Italy felt badly let down by Brussels when it became the worst-hit country on the continent and some EU supporters may be starting to question the benefits of being a member state. And the animosity towards EU leaders over the bloc’s failure to offer the Italians assistance in their hour of need appears to have been reflected in the results of a new survey on Italy’s relationship with the UK.
We will intensify our dialogue and collaboration
The poll found that while 52 percent of Italians remain critical of the Brexit decision, the number of those who argue British citizens have done well to vote to sever ties with the EU has risen by five percent to 33 percent in the last year.
The percentage of Italians who believe it desirable to maintain a close link between the UK and the EU after Brexit remains stable at 60 percent but this proportion increases, in some cases considerably, when it comes to specific aspects of the partnership.
The survey found 74 percent of respondents are in favour of a free trade area after the UK’s exit from the single market, 71 percent hope for close co-operation on security and defence and 64 percent of Italians agree with the principle of controlled management of migration flows of EU citizens between the EU and the UK.
Anti-EU sentiment is still growing in Italy
With trade negotiations still deadlocked, the number of Italians who believe a failure to reach an agreement between the UK and the EU would be harmful has risen from 80 percent to 84 percent and only four percent believe the opposite.
A majority of 39 percent believes the negative impact of a no deal Brexit would be felt equally by Britain and the EU while 30 percent said they thought the UK would suffer most and 15 percent felt Brussels would bear the brunt.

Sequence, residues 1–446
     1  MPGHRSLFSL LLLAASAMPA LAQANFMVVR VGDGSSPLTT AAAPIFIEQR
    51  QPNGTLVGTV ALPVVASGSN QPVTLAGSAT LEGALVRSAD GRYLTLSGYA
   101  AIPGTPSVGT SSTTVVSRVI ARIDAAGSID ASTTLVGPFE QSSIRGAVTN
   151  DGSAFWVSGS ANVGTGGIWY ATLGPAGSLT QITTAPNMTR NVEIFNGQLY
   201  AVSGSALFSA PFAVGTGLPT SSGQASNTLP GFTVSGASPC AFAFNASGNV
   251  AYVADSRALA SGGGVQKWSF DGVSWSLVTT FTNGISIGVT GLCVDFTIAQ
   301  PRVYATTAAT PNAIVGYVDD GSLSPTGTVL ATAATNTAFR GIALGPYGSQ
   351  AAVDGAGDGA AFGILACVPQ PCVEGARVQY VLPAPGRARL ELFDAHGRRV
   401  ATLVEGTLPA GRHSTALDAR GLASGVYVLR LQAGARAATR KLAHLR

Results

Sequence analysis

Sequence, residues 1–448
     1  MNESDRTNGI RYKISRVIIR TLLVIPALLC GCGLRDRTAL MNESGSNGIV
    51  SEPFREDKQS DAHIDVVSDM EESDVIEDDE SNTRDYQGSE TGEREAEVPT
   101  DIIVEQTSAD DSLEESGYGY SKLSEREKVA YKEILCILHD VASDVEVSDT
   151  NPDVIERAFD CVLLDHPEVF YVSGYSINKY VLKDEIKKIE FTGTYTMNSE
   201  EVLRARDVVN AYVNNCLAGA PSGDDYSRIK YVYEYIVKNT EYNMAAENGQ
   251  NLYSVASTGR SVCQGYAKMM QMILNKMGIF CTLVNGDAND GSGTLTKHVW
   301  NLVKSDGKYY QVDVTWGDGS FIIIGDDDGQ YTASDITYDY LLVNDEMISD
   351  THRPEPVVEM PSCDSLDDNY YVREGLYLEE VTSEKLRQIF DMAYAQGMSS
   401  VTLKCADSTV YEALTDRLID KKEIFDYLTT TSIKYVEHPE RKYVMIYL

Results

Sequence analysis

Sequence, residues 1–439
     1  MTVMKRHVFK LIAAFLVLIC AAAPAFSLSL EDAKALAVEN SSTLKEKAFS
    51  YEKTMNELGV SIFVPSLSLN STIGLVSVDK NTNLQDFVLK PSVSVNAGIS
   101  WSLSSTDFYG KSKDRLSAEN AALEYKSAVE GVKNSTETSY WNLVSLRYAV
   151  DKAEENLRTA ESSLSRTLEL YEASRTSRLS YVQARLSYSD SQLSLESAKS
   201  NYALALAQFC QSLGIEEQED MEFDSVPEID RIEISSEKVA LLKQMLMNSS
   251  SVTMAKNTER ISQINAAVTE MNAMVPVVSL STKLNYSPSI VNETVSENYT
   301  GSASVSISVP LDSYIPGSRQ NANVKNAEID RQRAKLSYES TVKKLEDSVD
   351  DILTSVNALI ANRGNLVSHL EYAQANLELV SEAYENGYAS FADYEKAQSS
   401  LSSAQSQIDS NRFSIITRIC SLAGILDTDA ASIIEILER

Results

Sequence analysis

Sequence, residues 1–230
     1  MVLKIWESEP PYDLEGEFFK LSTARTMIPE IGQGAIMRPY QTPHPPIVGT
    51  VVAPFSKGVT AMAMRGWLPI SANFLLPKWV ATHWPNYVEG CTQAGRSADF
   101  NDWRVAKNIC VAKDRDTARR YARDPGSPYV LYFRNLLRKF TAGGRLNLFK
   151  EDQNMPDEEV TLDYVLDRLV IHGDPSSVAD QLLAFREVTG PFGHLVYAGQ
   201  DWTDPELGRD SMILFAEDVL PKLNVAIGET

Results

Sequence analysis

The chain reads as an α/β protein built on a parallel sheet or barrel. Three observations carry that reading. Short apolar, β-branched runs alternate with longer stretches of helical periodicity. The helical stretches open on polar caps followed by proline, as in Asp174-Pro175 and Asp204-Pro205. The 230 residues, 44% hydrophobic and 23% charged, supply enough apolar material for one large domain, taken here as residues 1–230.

The survey, conducted on behalf of the British Embassy in Rome, reveals a massive consensus in Italy for good commercial and scientific relations after Brexit.
And it found Italians’ desire to visit London as soon as the worst of the pandemic has passed remains undimmed by Brexit with 77 percent of Italians saying they intended to travel to the UK once the pandemic is over. This percentage rises to 86 percent for those aged between 25 and 44.
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Italian stage an anti-EU protest in Naples
The survey found the number of Italians who want to see a strong link between the UK and Italy in the future has increased to 68 percent.
Four out of five Italians wish to maintain close bilateral collaboration for investments and trade, scientific research and innovation, sustainable development, energy and climate change.
Two-thirds of Italians believe it is useful for the EU to continue to work with the UK after Brexit and make sure it is involved in European plans to tackle the COVID-19 crisis.
And more than three quarters believe the UK’s technological and research contribution to finding vaccine that defeats coronavirus is precious.
Commenting on the survey results, British Ambassador to Italy Jill Morris said: “The relationship between the United Kingdom and Italy resists the impact of COVID-19, which unfortunately continues to reap these days in our two countries and in the rest of the world.
“In this regard, we are closely following the collaboration between Oxford and the Italian Irbm for the search for a vaccine, which I hope will soon reach positive results.
“I am touched by the number of Italians who declare themselves ready to return to the United Kingdom after the end of the health emergency, and I welcome the wish of many, that the United Kingdom and Italy continue to intensify exchanges in the field of scientific research and innovation, but also sustainable development, energy and climate change.”
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Italians still want to visit the UK despite Brexit and the coronavirus pandemic
She continued: “These are key issues, on which the UK and Italy have the incredible opportunity to work together in view of our respective G7 and G20 presidencies in 2021, as well as our valuable partnership under the British COP26 presidency.
“We will intensify our dialogue and collaboration, providing a piece that I am sure will help us to rebuild together a more prosperous, secure and sustainable future than before.”
(Additional reporting by Maria Ortega)